Hacker News new | comments | show | ask | jobs | submit login

This for the most part assumes traditional disks and the problems with those. The problem with the RAMcloud is that it's expensive.

The problem is that memory is expensive, and when you can only put ~64GB in a 1U server it's a lot of rack space costs too. For about the same money as 64GB of RAM you can buy 1TB of Intel SSD storage and that (6x160GB disks) will fit in a 1U server too. SSDs have very good random read performance and that is likely to get significantly better in the coming years. RAM is already fast enough for this type of job and the real problem is lack of capacity / high cost.

I suspect that the people like facebook who have relied on RAM mostly so far will start moving to SSDs to cut costs - they have already moved away from netapp for their storage to cut costs.




This isn't an either/or proposition.

The 5 minute rule gives us a simple planning rule of thumb for comparing storage technologies:

Given some access frequency, if an item is accessed more frequently than this break even time iops dominates the cost calculation. Likewise if an item is accessed more rarely, capacity cost dominates the calculation.

For current technology, roughly speaking, the break even time between RAM and SSD is 5 minutes, and about 6 hours between SSD and spun disk.

To cost optimize for a particular system you need to know the distribution of access times. For something like facebook the access times are heavily biased towards recently created items (ie, almost all users start walking the data graph from the top of the news feeds, and days old data is very unlikely to be touched).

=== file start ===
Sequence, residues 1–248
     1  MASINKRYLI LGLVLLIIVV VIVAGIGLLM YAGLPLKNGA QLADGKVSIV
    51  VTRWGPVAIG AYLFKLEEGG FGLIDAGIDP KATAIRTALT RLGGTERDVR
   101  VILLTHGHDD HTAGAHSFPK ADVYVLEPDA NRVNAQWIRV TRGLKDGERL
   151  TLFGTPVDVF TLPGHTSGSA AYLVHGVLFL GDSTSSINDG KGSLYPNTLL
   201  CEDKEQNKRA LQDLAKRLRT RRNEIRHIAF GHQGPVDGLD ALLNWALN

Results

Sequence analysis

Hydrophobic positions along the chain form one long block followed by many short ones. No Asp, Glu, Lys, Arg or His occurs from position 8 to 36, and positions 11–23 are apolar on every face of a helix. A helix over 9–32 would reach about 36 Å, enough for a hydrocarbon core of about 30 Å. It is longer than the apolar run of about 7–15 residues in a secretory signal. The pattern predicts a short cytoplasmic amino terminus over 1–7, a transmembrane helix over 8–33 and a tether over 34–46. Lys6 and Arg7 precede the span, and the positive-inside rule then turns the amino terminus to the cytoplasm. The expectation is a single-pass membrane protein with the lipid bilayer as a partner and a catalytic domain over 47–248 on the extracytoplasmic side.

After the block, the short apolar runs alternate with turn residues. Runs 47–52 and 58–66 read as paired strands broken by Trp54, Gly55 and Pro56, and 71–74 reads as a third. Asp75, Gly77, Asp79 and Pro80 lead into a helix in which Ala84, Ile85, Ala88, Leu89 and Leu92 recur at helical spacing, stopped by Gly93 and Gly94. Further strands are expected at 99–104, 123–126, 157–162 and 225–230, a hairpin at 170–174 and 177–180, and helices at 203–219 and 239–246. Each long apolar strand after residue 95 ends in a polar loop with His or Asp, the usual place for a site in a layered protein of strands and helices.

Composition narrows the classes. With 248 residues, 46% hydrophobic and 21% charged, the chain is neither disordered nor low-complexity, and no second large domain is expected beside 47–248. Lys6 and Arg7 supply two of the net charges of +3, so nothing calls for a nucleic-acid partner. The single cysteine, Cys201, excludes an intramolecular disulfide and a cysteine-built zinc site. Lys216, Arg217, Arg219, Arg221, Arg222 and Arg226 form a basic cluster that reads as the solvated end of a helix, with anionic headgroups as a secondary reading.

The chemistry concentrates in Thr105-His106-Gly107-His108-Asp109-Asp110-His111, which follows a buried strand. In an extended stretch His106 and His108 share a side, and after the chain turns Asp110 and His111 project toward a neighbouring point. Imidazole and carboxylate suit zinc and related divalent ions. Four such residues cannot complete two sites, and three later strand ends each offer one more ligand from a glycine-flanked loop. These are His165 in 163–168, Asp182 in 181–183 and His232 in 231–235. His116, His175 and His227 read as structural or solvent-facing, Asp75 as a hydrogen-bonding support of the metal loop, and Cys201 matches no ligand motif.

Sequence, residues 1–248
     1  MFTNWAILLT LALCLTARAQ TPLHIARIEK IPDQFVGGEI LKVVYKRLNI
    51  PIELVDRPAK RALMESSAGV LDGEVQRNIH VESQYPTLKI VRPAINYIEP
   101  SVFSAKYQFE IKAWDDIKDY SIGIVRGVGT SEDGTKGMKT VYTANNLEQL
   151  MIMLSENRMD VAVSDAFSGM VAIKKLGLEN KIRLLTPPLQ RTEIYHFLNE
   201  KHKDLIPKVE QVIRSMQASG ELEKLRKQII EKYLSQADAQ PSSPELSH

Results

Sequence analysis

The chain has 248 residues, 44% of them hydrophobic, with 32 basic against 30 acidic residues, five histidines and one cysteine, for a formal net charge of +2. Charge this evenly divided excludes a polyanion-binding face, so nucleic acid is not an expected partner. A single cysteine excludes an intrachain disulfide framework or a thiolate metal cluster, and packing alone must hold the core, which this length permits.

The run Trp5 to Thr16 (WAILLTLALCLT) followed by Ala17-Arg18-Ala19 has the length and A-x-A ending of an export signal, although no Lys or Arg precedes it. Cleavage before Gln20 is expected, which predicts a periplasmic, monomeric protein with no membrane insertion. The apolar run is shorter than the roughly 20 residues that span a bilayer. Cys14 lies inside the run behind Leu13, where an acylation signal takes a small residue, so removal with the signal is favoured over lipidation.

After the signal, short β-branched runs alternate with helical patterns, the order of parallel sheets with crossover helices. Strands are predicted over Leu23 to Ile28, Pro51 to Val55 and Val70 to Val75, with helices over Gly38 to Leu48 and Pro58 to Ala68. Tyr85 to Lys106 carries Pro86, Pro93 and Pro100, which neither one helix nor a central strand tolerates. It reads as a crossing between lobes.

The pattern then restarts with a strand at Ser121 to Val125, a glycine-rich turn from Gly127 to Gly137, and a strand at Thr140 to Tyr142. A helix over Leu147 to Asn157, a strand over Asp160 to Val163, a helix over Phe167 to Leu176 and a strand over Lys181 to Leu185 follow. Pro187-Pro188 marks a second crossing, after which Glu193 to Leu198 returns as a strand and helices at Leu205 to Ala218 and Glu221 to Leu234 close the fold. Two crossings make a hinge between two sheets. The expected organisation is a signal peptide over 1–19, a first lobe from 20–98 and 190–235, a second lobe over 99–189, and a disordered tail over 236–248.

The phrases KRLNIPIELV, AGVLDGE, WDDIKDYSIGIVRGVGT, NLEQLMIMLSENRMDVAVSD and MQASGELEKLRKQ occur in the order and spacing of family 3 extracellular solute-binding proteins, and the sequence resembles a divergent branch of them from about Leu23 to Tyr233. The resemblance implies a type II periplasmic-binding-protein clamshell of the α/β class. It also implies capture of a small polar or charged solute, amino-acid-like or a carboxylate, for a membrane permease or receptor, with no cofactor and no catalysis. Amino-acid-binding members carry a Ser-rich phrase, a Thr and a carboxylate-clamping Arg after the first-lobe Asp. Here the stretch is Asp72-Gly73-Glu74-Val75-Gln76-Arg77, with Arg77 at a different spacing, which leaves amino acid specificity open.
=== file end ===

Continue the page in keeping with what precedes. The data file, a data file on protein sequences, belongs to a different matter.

This can make it difficult to get utility out of something like SSD that straddles a thin band in the middle of the storage hierarchy. Your dollars may be better spent on ram and disk in the proper proportions.


But as the article points out, capacity per dollar/watt/cm^3 is increasing exponentially for all of these storage mediums, and is expected to do so for many years to come. However, throughput and latency per dollar/watt/cm^3 is not improving nearly as quickly.

This means that throughput and latency will be the scarcest resource in the future, and regardless of the demands of your application, a time will eventually be reached where SSD has enough capacity at $X, but HDD does not have good enough throughput or latency at $X, so you switch to SSD. And eventually, the same logic will apply for SSD -> RAM.


Well HDDs never really increased in access time in the last 20 years [as they state] because the problem is basically rotational latency, so get a better speeds than a 15k RPM disk you need a 30K RPM, 60K RPM, 120K RPM disks etc which would be crazy.

SSDs are pretty new and are very fast despite several problems that the makers haven't quite worked out yet. Random access seek time can be improved by adding more chips. Also seek times will no doubt increase with faster clock speeds and reduced feature sizes in the same way CPUs and memory do now.

SSDs are lower power than HDDs and Memory is high on power usage not to mention the savings by having fewer servers.

SSDs are simply too new for people to design for them, if you look at what http://www.rethinkdb.com/ are doing, or the TRIM feature, or log based file systems, there is quite a lot to be done to update the software people use to take advantage of SSDs. It has all been written with the limitations of HDDs in mind.


To put it another way, Spinning disks can do ~1MB/sec random writes, SSDs can do about ~40Mb/sec and with only 3 (pairs if RAID) of disks you can saturate a 1GBit network connection.

http://www.anandtech.com/storage/showdoc.aspx?i=3631&p=2...




Guidelines | FAQ | Support | API | Security | Lists | Bookmarklet | DMCA | Apply to YC | Contact

Search: